The Power of Silence – Occupy UC Davis

By Mickey Friedman
November 20, 2011

Red Crow’s Bill Shein has written and spoken often of the power of nonviolent protest. The students at University of California, Davis have offered a new and inspirational example.

Take a moment to review recent events at UC Davis.

In the spirit of suppression that has swept the nation, in decision after decision to use police power to disrupt largely non-violent citizen occupations, the Chancellor of UC Davis inexplicably invited police to break up a peaceful demonstration of students expressing support for other occupations, including UC Berkeley.

Here’s the horrifying video of what is clearly out-of-control police:


And from another angle:


UC Davis Assistant Professor Nathan Brown from the Department of English reminds us of what is best about of American universities:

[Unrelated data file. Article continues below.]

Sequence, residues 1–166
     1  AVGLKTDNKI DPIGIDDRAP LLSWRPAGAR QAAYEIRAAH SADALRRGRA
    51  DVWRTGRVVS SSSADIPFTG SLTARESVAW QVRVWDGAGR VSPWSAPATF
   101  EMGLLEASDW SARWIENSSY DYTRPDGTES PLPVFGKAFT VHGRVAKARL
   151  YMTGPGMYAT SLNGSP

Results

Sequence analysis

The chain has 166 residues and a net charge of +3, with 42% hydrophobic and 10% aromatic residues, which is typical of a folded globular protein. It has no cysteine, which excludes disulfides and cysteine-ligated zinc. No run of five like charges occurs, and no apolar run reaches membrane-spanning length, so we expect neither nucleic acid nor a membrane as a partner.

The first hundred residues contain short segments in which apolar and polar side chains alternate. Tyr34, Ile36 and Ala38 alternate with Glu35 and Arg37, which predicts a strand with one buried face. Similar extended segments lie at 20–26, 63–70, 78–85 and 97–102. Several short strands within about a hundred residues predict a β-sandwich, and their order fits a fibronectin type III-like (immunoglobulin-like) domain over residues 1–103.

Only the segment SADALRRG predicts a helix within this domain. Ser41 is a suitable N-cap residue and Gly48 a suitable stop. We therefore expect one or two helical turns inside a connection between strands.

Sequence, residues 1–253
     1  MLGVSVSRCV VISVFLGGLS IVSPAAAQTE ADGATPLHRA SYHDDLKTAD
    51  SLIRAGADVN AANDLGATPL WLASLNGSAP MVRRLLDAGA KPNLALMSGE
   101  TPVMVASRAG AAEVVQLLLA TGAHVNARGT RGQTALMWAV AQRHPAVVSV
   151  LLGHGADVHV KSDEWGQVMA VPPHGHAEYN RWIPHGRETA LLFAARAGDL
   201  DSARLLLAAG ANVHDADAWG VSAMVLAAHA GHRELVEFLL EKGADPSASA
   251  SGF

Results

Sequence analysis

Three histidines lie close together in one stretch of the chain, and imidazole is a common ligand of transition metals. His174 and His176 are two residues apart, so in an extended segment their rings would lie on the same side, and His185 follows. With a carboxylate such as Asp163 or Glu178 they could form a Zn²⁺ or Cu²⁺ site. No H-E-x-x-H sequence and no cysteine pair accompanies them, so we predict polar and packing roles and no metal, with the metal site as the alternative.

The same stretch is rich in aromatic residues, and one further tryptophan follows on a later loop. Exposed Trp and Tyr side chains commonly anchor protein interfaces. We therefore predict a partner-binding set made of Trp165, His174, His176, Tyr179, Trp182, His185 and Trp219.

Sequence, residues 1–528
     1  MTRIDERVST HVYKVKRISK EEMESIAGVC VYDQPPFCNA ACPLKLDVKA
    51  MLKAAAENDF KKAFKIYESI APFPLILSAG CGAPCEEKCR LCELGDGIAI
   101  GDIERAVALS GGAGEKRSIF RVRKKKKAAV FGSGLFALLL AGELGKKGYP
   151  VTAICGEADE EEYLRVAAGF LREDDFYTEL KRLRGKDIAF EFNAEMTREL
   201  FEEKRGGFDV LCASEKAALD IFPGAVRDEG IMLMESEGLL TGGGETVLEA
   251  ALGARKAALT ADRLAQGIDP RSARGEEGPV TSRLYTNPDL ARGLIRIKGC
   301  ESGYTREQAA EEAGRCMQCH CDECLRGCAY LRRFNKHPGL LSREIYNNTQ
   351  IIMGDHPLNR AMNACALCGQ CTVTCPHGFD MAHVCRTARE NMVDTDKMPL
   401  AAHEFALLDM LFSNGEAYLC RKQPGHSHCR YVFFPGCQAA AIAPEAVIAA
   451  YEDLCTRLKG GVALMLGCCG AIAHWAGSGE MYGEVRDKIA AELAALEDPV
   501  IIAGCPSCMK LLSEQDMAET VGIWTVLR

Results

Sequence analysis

Here is a portion of his letter to the Chancellor:

Linda P.B. Katehi,

I am a junior faculty member at UC Davis. I am an Assistant Professor in the Department of English, and I teach in the Program in Critical Theory and in Science & Technology Studies. I have a strong record of research, teaching, and service. I am currently a Board Member of the Davis Faculty Association. I have also taken an active role in supporting the student movement to defend public education on our campus and throughout the UC system. In a word: I am the sort of young faculty member, like many of my colleagues, this campus needs. I am an asset to the University of California at Davis.

You are not.

I write to you and to my colleagues for three reasons:

1) to express my outrage at the police brutality which occurred against students engaged in peaceful protest on the UC Davis campus today

2) to hold you accountable for this police brutality

3) to demand your immediate resignation

Read the entire letter here:

And now, to those who wonder whether the Occupy Movement will be successful, we say watch this.


Perhaps without even knowing about the student demonstrators of the Student Non-Violent Coordinating Committee – the brave SNCC students who fifty years ago occupied the segregated lunch counters of the south – they are recreating today’s version of the movement.



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